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Understanding Formula 1’s Unique Global Allure

What is it that just makes Formula 1 so special?

Leo Shvedsky
October 18 2021

Formula 1 has been capturing the hearts and minds of racing fans and car enthusiasts alike for almost a century now. It is the subject of popular Hollywood films, documentaries, and media coverage. Its drivers are world renowned celebrities who are followed by throngs of paparazzi. In short, people can’t get enough of F1. Being the diligent observers of the car enthusiast world that we are, we wanted to explore what it is about F1 that holds so much sway.  

Or maybe a better word for it is “drift”: Shutterstock

Formula 1 as we know it today began in 1950, but motorsport’s history goes a little beyond that. Car enthusiasts going back to the early 1900s would saddle up to see who had the quicker jalopy in a race. Eventually, as happens with any sport, people started to talk about organization. It took until 1950 for everything to come together for the first ever F1 Grand Prix (Grand Prize in French) race at Silverstone speedway in England, where Giuseppe “Nino” Farina won in his Alfa Romeo 158, with King George IV watching in the crowd (that’s the one from The King’s Speech).  

Alfa Romeo 158: Shutterstock 

So, what is it that caught people’s imaginations about this race for generations to come?  

We believe part of it is due to what we like to call “the World Cup effect.” The famous international soccer tournament held every four years is a shining example of how a simple sport that includes all nations can bring everyone together. Even here in the U.S., where soccer isn’t necessarily the most popular sport, the World Cup is a massive event.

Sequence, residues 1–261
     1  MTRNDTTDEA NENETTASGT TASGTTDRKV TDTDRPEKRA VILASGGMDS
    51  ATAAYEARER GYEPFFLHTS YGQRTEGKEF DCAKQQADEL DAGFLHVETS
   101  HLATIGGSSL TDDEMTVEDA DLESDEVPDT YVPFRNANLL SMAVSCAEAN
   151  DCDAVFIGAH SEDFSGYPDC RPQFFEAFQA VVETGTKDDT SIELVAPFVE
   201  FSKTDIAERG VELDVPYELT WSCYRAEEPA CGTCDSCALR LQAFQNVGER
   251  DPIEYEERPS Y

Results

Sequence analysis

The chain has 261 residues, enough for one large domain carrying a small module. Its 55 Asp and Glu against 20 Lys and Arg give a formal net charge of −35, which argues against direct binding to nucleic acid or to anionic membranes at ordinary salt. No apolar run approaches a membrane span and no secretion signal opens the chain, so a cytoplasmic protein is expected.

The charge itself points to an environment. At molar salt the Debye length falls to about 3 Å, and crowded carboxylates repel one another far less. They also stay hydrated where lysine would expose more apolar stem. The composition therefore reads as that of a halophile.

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Lewis Hamilton gunning the Mercedes at the Grand Prix of Spain: Shutterstock 

That’s what F1 is, but with amazing machines instead of a ball. Any country, car manufacturer, or person can compete in the series – as long as they have $200-$400 million on average to run a team each season – and win as a representative of their country or brand. The togetherness of it all is a large part of the attraction. 

Another part of it is, of course, enthusiasm for the machinery. The mystique of the driver alone in a vehicle that can reach speeds of over 200 mph with limited visibility bounding around tracks with hairpin turns and devilish straights – that touches a very special nerve in most enthusiasts’ minds. 

It is a nerve that yearns for that sensation of controlled chaos, imminent danger, and excitement of the unknown. This is the same kind of allure that drives most entertainment out there. It’s a feeling that, for a brief moment, you can leave whatever ails you and experience the thrill of going 150 while trying to take the inside corner on a turn at Monaco. In short, it is escapism.  

It’s a bit sharp at Monaco: Shutterstock 

That’s the reason why, in our minds, over 430 million people tuned into watch F! races in 2018. It’s the reason why the Ferrari team alone is worth $1.35 billion. It’s a sense of community in which all are striving toward the simple innocence of crossing a checkered flag first. It’s the awe-inspiring speed and danger that we can all feel projected onto Lewis Hamilton reaching for a trophy. And, for auto-enthusiasts, there’s an elegance to that which can’t be replicated anywhere else. 



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